• 4140 steel. AISI 4140 is a chromium-, molybdenum-, and manganese-containing low alloy steel (usually referred to as chrome-moly steel). It has high fatigue strength, abrasion and impact resistance, toughness, and torsional strength.
  • Grade 416 stainless steel. Grade 416 steel is a free-machining, martensitic stainless steel with a machinability of 85%.
  • Grade 410 stainless steel. Grade 410 stainless steels are general-purpose martensitic stainless steels containing 11.5% chromium. Grade 410 steels have good corrosion resistance properties which can be further enhanced by hardening, tempering, and polishing.
  • Grade 420 stainless steel. Grade 420 stainless steel is higher incarbon than 410 with a minimum chromium content of 12%. 
  • 4340 steel. AISI 4340 alloy steel is a low alloy steel containing chromium, nickel, and molybdenum. When heat-treated, it exhibits high toughness and strength. This material is considered extreme duty and is typically used for higher-end firearms.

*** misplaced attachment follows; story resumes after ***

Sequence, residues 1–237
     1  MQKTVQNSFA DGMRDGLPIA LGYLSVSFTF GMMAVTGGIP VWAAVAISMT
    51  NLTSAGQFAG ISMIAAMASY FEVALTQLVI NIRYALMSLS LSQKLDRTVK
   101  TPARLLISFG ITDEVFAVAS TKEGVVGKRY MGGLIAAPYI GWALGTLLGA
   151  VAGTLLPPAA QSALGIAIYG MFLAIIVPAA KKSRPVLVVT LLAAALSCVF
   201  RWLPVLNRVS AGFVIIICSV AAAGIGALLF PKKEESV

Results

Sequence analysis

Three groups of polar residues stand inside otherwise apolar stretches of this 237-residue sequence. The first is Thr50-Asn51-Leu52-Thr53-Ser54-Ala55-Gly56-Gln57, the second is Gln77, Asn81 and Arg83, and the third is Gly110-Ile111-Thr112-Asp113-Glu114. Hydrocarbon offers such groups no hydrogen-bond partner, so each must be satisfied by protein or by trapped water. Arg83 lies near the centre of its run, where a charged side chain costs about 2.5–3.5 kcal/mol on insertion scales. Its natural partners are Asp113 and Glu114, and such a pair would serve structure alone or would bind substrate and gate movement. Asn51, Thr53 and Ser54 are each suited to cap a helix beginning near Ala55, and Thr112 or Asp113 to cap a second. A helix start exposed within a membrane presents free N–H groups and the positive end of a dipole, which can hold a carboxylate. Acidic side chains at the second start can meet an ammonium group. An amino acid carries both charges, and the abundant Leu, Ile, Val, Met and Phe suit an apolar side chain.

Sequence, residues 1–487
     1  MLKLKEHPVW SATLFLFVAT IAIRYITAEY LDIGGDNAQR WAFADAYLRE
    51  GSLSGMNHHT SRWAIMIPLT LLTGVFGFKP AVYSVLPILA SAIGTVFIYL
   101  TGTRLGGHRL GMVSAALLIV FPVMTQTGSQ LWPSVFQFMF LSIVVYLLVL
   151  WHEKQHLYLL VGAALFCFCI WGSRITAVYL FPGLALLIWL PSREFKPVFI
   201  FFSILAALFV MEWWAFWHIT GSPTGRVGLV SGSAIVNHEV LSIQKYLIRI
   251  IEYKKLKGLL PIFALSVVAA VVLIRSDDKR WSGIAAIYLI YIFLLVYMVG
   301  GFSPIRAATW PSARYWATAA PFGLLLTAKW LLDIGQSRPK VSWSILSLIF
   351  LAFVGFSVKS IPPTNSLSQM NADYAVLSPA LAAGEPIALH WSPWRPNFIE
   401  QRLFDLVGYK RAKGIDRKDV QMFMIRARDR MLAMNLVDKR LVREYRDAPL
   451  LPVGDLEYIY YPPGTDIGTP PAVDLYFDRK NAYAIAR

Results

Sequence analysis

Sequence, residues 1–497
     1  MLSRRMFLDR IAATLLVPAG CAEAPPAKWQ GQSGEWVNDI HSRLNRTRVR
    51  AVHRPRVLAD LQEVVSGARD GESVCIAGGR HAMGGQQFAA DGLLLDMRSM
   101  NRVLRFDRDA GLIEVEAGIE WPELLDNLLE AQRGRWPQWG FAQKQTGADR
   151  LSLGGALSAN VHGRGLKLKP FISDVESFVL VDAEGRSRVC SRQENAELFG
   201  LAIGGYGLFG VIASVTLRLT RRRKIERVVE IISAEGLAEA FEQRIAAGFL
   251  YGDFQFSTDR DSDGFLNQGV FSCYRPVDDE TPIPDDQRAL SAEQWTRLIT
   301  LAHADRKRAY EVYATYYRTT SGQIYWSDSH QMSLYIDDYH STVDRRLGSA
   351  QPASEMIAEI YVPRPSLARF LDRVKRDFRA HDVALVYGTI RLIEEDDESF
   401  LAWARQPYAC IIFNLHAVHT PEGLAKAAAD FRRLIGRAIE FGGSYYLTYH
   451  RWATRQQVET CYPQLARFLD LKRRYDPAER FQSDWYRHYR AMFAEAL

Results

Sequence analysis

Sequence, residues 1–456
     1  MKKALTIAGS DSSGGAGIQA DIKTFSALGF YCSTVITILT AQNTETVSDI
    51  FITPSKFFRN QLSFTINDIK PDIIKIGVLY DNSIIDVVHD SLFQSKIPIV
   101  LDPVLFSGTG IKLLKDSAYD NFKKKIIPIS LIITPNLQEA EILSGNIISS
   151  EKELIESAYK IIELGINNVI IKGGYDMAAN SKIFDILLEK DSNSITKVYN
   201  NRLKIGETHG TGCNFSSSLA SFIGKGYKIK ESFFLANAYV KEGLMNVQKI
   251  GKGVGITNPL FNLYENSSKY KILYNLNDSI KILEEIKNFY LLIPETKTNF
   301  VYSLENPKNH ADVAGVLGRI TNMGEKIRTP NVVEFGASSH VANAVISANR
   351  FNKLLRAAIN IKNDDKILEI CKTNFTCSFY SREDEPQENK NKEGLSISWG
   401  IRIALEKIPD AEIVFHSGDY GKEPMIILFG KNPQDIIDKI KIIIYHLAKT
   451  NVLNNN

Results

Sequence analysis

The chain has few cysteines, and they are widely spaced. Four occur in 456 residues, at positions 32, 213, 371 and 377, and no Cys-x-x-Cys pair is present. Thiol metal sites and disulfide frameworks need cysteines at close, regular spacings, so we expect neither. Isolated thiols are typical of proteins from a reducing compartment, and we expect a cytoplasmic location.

• 17-4 stainless steel. 17-4 stainless steel is an age-hardening martensitic alloy combining high strength with the corrosion resistance of stainless steel. It is relatively cost-effective and more weldable than other martensitic alloys.

Nitriding Specifications

The most common measurement that firearms manufacturers specify in desirable nitriding results is intermetallic depth. Typical specifications fall between four and 25 microns of white layer depth. The amount of allowable porosity within the case depth is also commonly specified, and while there are varying ranges, less than 50% porosity is a typical target. 

While porosity is often regarded as an undesirable characteristic, there are advantages to some porosity in the finished material. These microscopic voids can hold oils and enhance corrosion resistance. The resulting porosity in nitrided materials allows the coating to last dramatically longer than phosphate- or black-oxide-coated steels.

Some manufacturers utilize blanket aerospace specifications such as AMS 2757 or AMS 2959/12 because they encompass the desired porosity and case hardness depth for nitrided firearms components.